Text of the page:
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Thu August 21, 2014

Czech Please! - Stop-Motion Marvels from the Czech Masters

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Oddball Films and curator Kat Shuchter present Czech Please! an evening of mind-blowing stop-motion animation from the former Czechoslovakia. With puppet and object animation; from the adorable to the dark and thought-provoking, this evening will open your eyes to the brilliance, vision and creativity of some of the greatest Czech animators including Jan Švankmajer, Jiri Trnka, Bretislav Pojar, Borivoj and Karel Zeman, Hermína Týrlová and Zdenek Miler. Jan Švankmajer, one of the most brilliant and creative filmmakers of our time, creates a dark and witty Freudian fantasy of cannibal dolls, dancing clothes, and curious cats in the loose Lewis Carroll adaptation Jabberwocky (1971). Jiri Trnka, the founding father of Kratky Film Praha — the animation company responsible for most of the work tonight — was the visionary behind some of the greatest puppet animation the world over and we've dug up a triple dose of his brand of cheeky imagination. Song of the Prairie (1949, directed by Trnka and animated by Bretislav Pojar) is a delightful send-up on American Westerns; Passion (1962) follows a young boy and his need for speed into his self-destructive future; and The Devil's Mill (1949) features a mischievous poltergeist playing tricks on an old soldier. Hermína Týrlová, the mother of Czech animation and the first animator (ever) to use wire-framed puppets, brings us the tale of an outdated steam train that wants to see the world in The Little Train (1959) and a little ant that must defeat a hungry spider in Ferda the Ant (1941). Borivoj and Karel Zeman bring to life a little girl's creepy basket of toys in the delightful A Christmas Dream (1954). A Glittering Song (1965) turns trash into treasure by animating a sparkling world entirely out of broken glass. And in Duet (1960s) two neighbors play music together in harmony, until one gets a radio and the friendship devolves into a vicious battle for the latest electronics. Early birds will be treated to a triple helping of Zdenek Miler's classic cell-animation The Little Mole!


Date: Thursday, August 21st, 2014 at 8:00pm
Venue: Oddball Films, 275 Capp Street San Francisco
Admission: $10.00 Limited Seating RSVP to [email protected] or (415) 558-8117
Web: http://oddballfilms.blogspot.com/2014/08/czech-please-stop-motion-marvels-from.html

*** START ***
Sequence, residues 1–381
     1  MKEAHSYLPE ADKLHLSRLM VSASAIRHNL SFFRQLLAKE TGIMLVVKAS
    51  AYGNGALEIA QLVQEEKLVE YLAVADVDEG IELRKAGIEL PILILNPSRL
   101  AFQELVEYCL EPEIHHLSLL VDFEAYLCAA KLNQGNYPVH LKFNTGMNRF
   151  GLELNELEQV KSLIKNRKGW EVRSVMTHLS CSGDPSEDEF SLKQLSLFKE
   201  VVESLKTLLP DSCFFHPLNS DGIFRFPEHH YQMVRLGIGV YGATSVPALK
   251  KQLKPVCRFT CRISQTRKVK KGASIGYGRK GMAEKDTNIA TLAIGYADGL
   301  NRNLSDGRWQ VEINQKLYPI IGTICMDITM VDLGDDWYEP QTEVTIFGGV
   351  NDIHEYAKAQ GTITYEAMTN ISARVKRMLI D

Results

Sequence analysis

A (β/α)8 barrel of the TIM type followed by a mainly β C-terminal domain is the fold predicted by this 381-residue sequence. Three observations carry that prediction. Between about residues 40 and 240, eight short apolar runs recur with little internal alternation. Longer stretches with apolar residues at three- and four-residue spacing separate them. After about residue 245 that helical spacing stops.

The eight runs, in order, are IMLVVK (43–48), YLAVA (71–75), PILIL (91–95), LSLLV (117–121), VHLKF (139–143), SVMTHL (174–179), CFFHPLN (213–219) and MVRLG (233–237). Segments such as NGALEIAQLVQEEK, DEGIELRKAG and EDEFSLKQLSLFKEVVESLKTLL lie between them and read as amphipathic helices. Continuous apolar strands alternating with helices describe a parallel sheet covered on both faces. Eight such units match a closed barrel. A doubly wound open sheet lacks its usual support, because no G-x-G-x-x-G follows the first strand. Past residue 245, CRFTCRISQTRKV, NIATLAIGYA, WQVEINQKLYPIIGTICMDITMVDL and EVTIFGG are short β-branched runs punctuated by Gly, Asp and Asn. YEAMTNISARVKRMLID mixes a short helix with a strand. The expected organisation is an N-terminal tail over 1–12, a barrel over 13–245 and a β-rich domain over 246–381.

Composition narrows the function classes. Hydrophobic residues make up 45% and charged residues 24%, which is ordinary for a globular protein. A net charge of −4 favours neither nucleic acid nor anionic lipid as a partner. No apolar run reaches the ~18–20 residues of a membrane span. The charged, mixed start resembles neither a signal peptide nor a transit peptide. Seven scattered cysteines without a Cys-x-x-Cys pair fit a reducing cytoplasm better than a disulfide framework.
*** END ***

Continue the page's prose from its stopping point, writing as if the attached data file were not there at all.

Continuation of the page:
Featuring:



Jabberwocky (Color, 1971, Jan Švankmajer)
Legendary Czech animator Jan Švankmajer's stop-motion films combine creepiness and wit in a way no one has ever accomplished. His penchant for object-animation has led to living dolls, dancing meat and baby tree-demons. In Jabberwocky, Svankmajer's first adaptation of Lewis Carroll's world, described by the director as "a Freudian record of the development of a child through all its stages: through homosexuality and Sado-Masochism to rebellion against the father". Print generously on loan from the archive of Smokehouse Films.

Three New Puppet Finds from Jiri Trnka!!
Jiri Trnka, known as the "Walt Di$ney of Eastern Europe" founded the innovative animation house Kratky Film Praha that produced some of the greatest animated shorts in history. His own puppet films are stunning, clever and charming, but tethered by a dark undercurrent of oppression and resistance.

Song of the Prairie (B+W, 1949)
Trnka's puppets parody the American Western in this witty musical marvel. A stagecoach makes its way through the desert in the Old West with both a lovely young lady and a dastardly villain in tow. When our villain attempts to steal the young lady's heart along with the assets of the stagecoach, will a hero ride in on a white horse to save them all or will he be too busy singing?

Passion (Color, 1961)
A boy grows up with a need for speed. Like a dare-devil, he speeds his bicycle past the girls, eventually graduating to hot rods and motorcycles; all the while getting into more and more dangerous situations. Hip and stylish, this beautiful puppet animation is both a charmer and a stunner!

The Devil's Mill (Color, 1949)
An old soldier sets out to defeat the evil forces that dwell inside an old mill. When he spends the night in the haunted place, the demons inside do their best to foist him out, but the veteran stands tall and stands up to the mischievous evil.


A Christmas Dream (B+W, 1954, Borivoj Zeman and Karel Zeman)
A little girl goes to sleep on Christmas Eve and her toys come to life. Cool/creepy stop motion animation of her favorite rag doll gives this more of Christmas Nightmare effect.